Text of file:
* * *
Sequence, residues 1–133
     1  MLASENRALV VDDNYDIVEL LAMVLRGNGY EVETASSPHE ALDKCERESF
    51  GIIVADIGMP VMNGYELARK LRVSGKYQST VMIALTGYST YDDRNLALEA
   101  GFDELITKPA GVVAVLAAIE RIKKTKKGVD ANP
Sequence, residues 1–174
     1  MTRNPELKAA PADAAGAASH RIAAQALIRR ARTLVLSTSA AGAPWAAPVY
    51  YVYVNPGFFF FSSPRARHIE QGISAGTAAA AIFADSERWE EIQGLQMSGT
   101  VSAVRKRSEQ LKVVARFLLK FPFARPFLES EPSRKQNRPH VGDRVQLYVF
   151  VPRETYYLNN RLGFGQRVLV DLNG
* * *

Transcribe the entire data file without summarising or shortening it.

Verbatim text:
Sequence, residues 1–133
     1  MLASENRALV VDDNYDIVEL LAMVLRGNGY EVETASSPHE ALDKCERESF
    51  GIIVADIGMP VMNGYELARK LRVSGKYQST VMIALTGYST YDDRNLALEA
   101  GFDELITKPA GVVAVLAAIE RIKKTKKGVD ANP
Sequence, residues 1–174
     1  MTRNPELKAA PADAAGAASH RIAAQALIRR ARTLVLSTSA AGAPWAAPVY
    51  YVYVNPGFFF FSSPRARHIE QGISAGTAAA AIFADSERWE EIQGLQMSGT
   101  VSAVRKRSEQ LKVVARFLLK FPFARPFLES EPSRKQNRPH VGDRVQLYVF
   151  VPRETYYLNN RLGFGQRVLV DLNG